Seven Indian microfinance institutions in Forbes' 50 list | world | Hindustan Times
Today in New Delhi, India
Sep 24, 2017-Sunday
-°C
New Delhi
  • Humidity
    -
  • Wind
    -

Seven Indian microfinance institutions in Forbes' 50 list

Seven Indian microfinance institutions, the highest for a country, feature in the first ever list of world's top 50 MFIs compiled by Forbes magazine.

world Updated: Dec 26, 2007 23:08 IST

Seven Indian microfinance institutions (MFIs), the highest for a country, feature in the first ever list of world's top 50 MFIs compiled by Forbes magazine.

Bangalore-based Bandhan is ranked at the second position, while the top slot is taken by Bangladesh's ASA.

Bangladesh's Grameen Bank, which along with its founder Mohammed Yunus was awarded Nobel Peace Prize for 2006, comes lower down at 17th position. But the country has a total of seven of its MFIs on the list.

Other Indian MFIs on the US business magazine's list are Microcredit Foundation of India (ranked 13th) and Saadhana Microfin Society (15th), Grameen Koota (19th), Sharada's Women's Association for Weaker Section (23rd), SKS Microfinance Private Ltd. (44th) and Asmitha Microfin Ltd (29th).

Grameen Koota and SKS work on the model adopted by Grameen Bank. ASA website says 19 lesser known Indian MFIs have been receiving basic training and consultancy services from it.

Forbes picked the top 50 from 641 microcredit providers around the world after sifting through data available with the Microfinance Information Exchange and the analysis from rating firms Micro-Credit Ratings International Limited and MicroRate. There are upward of 12,000 microlending institutions in the world today.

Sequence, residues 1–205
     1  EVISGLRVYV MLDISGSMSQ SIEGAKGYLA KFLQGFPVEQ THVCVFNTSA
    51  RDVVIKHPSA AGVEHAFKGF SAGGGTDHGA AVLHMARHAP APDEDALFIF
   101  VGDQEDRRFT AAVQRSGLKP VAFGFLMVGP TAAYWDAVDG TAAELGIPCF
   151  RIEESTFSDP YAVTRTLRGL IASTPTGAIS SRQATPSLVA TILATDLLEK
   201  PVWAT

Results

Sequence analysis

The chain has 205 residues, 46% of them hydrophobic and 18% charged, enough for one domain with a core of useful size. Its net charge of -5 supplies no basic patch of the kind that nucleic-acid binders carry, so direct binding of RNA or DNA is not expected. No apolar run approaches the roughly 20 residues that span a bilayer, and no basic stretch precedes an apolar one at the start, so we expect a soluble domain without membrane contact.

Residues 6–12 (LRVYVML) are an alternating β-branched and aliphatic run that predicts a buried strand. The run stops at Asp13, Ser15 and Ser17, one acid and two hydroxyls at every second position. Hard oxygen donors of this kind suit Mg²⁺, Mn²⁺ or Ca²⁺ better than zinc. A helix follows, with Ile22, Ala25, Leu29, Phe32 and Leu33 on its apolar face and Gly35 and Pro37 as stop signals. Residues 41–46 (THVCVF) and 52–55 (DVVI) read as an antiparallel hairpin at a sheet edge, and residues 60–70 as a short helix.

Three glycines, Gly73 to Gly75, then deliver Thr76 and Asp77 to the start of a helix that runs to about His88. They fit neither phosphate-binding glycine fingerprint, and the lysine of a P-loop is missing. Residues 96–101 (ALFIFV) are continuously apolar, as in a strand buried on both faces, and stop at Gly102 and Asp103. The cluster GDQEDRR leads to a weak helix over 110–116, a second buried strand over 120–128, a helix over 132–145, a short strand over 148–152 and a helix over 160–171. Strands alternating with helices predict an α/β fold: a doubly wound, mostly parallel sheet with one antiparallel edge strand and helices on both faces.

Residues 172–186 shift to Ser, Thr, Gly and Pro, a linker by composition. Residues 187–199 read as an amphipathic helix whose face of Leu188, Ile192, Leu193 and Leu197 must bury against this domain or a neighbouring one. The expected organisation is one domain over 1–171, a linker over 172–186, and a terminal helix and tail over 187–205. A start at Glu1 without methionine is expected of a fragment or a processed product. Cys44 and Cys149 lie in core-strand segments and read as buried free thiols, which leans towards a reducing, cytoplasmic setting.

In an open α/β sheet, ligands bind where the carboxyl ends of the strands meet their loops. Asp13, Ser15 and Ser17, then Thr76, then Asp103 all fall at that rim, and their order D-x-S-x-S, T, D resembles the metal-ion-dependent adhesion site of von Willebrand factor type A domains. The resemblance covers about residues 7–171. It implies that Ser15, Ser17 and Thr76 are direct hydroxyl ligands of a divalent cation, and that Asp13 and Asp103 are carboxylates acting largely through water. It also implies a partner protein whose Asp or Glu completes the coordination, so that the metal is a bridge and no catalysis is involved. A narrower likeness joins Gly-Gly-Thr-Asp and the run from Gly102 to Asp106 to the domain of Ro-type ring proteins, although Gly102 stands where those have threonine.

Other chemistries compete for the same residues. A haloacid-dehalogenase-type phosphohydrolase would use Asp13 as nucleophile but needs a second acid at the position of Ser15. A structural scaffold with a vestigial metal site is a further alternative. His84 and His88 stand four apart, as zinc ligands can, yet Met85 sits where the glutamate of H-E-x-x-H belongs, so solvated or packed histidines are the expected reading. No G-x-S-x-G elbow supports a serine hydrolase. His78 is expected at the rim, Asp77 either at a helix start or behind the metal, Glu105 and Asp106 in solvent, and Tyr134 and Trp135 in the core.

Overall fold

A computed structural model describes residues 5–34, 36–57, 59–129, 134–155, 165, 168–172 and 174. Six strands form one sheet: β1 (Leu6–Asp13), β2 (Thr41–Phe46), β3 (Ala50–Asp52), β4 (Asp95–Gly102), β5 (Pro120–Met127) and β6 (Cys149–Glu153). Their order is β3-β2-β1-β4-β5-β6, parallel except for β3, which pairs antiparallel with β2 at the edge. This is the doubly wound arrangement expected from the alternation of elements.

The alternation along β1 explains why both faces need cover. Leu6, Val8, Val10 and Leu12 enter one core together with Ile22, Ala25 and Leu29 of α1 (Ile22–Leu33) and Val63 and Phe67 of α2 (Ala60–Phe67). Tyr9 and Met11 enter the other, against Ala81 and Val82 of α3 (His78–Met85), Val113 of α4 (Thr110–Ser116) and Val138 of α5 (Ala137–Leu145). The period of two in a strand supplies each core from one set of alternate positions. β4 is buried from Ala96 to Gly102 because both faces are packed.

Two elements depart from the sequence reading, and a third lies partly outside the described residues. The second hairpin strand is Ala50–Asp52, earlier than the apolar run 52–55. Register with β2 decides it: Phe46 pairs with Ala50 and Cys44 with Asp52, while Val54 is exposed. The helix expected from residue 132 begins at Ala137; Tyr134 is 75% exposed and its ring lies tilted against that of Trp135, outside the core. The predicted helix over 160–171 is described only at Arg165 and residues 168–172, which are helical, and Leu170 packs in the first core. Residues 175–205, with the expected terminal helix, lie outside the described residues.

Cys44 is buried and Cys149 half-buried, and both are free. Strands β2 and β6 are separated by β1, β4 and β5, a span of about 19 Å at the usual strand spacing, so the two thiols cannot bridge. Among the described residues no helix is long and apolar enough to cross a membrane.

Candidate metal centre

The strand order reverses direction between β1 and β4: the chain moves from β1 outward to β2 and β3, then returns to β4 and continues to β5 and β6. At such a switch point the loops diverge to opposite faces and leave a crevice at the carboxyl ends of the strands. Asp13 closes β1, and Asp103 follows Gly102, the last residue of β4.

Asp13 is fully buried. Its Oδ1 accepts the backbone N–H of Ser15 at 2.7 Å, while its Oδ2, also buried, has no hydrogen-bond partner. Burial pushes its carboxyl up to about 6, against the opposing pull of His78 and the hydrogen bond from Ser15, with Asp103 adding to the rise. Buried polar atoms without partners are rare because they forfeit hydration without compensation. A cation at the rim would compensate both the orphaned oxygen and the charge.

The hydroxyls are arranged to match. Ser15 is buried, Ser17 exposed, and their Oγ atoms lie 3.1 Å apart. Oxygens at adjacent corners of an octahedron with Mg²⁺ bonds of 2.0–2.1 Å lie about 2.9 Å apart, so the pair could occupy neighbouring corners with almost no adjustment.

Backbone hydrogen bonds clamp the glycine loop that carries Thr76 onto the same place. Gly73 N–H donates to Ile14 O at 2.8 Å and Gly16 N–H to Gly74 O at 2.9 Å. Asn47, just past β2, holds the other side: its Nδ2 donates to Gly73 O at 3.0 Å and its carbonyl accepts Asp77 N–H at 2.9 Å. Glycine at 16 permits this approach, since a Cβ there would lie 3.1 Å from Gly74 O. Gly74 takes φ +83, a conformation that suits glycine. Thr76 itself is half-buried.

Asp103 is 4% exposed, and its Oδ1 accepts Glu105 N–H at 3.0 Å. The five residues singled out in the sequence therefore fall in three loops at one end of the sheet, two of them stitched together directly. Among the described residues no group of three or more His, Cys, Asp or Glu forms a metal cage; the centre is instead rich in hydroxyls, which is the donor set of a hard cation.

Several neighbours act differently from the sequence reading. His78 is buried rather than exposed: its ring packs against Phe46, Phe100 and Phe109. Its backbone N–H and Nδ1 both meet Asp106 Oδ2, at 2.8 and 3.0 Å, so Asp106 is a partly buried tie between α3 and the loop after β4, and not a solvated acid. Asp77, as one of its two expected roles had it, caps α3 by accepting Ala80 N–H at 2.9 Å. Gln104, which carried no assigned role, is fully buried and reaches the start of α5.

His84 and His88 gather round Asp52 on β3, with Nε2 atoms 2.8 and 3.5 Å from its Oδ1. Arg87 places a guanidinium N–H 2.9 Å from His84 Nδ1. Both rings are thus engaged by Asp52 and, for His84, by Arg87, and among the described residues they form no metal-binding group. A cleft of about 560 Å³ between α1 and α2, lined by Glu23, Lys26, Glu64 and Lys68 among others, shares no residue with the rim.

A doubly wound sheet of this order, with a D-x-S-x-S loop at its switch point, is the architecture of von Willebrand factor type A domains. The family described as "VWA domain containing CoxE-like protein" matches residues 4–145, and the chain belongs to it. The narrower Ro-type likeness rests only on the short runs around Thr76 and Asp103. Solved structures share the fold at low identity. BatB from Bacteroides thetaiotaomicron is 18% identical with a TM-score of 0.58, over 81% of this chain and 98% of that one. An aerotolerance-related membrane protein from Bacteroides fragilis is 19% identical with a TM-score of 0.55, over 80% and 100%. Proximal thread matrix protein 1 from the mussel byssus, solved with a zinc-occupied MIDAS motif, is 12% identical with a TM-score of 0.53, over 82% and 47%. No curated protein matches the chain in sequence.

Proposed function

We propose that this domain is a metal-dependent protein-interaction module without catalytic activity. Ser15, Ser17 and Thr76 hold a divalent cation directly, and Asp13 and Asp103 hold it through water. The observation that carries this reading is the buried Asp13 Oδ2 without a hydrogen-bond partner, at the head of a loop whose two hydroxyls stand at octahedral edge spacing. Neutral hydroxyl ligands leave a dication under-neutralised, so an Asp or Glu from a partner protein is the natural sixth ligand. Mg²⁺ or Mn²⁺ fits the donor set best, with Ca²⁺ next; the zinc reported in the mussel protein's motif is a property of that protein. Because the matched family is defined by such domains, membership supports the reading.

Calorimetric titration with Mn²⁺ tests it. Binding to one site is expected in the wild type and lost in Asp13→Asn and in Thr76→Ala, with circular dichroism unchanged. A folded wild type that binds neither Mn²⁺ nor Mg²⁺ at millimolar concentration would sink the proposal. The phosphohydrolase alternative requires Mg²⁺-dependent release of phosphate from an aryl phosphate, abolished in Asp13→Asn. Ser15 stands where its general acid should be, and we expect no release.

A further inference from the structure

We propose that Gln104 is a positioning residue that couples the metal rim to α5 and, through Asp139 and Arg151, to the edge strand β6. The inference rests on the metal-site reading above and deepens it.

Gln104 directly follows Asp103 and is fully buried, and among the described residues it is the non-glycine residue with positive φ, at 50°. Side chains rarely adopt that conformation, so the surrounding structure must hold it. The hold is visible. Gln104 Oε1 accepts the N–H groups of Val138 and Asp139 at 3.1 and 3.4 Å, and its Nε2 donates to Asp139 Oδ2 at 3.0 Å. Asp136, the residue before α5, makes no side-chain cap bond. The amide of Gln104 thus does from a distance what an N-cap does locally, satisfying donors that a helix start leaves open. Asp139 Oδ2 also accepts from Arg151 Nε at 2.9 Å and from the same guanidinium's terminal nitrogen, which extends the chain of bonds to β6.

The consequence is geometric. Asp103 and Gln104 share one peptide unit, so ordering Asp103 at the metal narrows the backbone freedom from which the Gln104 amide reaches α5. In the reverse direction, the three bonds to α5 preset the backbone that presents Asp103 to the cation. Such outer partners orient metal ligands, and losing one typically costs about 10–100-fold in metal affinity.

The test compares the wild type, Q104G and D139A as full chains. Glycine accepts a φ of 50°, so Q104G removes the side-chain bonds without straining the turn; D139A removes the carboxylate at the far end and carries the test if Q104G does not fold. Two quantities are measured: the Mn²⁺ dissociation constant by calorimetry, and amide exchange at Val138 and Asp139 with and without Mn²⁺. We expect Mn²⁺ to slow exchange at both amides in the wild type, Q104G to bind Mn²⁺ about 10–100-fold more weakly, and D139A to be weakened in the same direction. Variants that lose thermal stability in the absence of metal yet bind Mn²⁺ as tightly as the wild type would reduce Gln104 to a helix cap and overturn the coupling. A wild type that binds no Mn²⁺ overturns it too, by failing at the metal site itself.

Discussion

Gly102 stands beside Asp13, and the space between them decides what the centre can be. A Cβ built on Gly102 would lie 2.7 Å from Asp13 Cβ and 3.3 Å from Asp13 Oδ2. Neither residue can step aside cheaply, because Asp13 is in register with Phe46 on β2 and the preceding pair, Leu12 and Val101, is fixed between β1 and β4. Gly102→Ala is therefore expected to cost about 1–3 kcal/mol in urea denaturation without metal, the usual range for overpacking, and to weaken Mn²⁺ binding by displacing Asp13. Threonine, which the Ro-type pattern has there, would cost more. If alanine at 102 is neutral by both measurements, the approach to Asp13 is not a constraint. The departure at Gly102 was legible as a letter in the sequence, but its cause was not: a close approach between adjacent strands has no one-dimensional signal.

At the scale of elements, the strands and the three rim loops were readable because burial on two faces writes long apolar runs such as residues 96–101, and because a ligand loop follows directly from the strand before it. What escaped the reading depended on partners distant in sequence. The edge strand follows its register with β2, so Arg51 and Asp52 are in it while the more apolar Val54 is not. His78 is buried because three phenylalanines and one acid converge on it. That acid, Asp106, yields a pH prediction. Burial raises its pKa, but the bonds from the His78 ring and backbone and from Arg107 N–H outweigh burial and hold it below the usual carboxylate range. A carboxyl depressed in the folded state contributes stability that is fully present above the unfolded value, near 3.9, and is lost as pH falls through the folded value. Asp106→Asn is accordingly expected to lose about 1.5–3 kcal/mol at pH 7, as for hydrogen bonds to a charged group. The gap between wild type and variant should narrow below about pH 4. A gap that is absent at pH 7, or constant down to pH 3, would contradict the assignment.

Forbes rankings were based on six key variables-gross loan portfolio, operating expense, operating expenses divided by the average number of active borrowers as a percentage of gross national income per capita, the outstanding balance of loans overdue by more than 30 days as a per cent of gross loan portfolio, return on assets, and return on equity.

The magazine underlined the increasing importance of microfinance, which is "raising the provocative notion that even philanthropy aimed at alleviating poverty can be profitable to institutional and individual investors."

"Billionaires, global leaders and Nobel Prize recipients are hailing these direct loans to uncollateralised would-be entrepreneurs as a way to lift them out of poverty while creating self-sustaining businesses," it noted.

The magazine said microfinance funding from private investors more than tripled to $2 billion in 2006.